See if you can get your brain wrapped around this one.
Two researchers have written a book that claims there is a neuroscience to leadership, one that allows managers to move from "good" to "great" by retraining our thought patterns, nurturing emotions, and training yourself to respond with empathy.
Dr. Nikolaos Dimitriadis is a management consultant, speaker, and director of a The University of Sheffield International Faculty--City College in South East Europe. Dr. Alexandros Psychogios is an associate professor at Hull University Business School in the UK and a popular speaker and consultant. Their book, Neuroscience for Leaders, debuted last month and presents a novel new approach.
The idea is based on the view in neuroscience that the brain is primarily "a social organ" and that a great leader views the role as one of empathy.
The researchers say great leaders can learn to understand emotions in the workplace, to become more aware of behavioral changes and create an environment that relies on empathy with employees. The core concept is to learn from every interaction, deciding which emotions to evoke in a given situation. For example, a great leader would learn how to build trust within a team rather than relying on older techniques of instilling fear or only providing top-level analysis of a situation.
"Emotions have evolved to serve us and all of them provide real value for leadership," says Dr. Dimitriadis, speaking for both researchers. "The person, the situation and the preferred outcome will determine which emotion, or set of emotions, will help the most. Emotions are the secret weapon of great leaders."
The techniques they describe are directly opposed to the common leadership technique of spreadsheet-based decision-making, an older leadership model that says by purely intellectual decisions you can lead effectively.
"A healthy brain is always emotional," says Dr. Psychogios. "Great leaders understand that the brain is a social organ. The emotional brain is crucial for guiding our decisions and behaviors and it is always on duty. Instead of suppressing, ignoring and even loathing it, it would be more productive for leaders to accept it, understand it and embrace it."
Dr. Dimitriadis says the current leadership model so often used in companies is to attempt to be 100% rational at all times, but that state of mind is considered psychotic.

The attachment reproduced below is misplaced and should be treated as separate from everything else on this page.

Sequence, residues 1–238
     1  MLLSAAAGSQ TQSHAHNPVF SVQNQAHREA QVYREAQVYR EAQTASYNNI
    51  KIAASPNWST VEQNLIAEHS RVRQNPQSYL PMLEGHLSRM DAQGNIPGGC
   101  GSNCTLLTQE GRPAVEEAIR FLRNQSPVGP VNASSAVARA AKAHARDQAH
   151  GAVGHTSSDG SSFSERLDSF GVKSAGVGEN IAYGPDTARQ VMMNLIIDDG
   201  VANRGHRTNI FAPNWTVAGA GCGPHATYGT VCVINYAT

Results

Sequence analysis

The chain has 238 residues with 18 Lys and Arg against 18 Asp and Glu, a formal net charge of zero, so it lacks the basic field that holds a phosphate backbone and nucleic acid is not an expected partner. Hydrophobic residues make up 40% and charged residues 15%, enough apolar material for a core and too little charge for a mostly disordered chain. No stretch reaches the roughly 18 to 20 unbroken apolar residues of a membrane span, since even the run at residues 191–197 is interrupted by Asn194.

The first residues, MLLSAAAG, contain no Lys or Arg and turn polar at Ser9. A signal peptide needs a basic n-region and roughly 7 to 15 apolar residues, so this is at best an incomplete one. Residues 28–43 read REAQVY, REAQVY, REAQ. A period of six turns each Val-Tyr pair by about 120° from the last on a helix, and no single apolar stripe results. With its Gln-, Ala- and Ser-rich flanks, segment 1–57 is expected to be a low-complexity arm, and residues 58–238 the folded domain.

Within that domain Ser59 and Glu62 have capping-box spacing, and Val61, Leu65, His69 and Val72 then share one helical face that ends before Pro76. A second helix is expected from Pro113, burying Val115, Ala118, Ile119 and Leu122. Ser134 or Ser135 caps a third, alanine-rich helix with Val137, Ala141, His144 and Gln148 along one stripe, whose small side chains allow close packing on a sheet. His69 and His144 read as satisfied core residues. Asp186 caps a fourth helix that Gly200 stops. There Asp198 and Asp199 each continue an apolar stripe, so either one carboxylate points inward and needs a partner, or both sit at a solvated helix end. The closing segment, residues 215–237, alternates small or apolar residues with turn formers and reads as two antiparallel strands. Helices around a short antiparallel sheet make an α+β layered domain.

He argues that empathy is talked about in companies but rarely practiced in management. Managers desire to lead with more emotion, but scanning through spreadsheets and charts all day, responding to stress by becoming more analytical, and overemphasizing certain emotions--such as happiness or fear of failure--make leaders only partially effective.
The researchers say a better approach, which they call Brain Adaptive Leadership, is a sign of great leadership because it encourages empathy and emotional connection.
"The thoughts we make, the tasks that we preoccupy our brain with, the way we deal with biases, the people we spend most of our day with, the physical environment at work, being aware of our emotional styles, and finding the right purpose for us and for our team are a few of the important elements in our model," says Dr. Psychogios, who explained that the leadership models used in the past do not match up with current understanding of behavioral and brain sciences. There is a better understanding today about how emotions drive business decisions.
The book quotes over 200 scientific papers that show how the technique described in their book have replaced the more data-driven and analytical approach to leadership. Part of the neuroscience they describe is learning to adapt and emphasize the emotional side of leadership as it relates to all company interactions, rather than trying to remove them or nullify them.
They argue that empathy in leadership creates stronger connections within teams, a higher confidence level, and better long-term business outcomes for everyone involved. It's a novel approach, one that fits with modern brain science like a glove.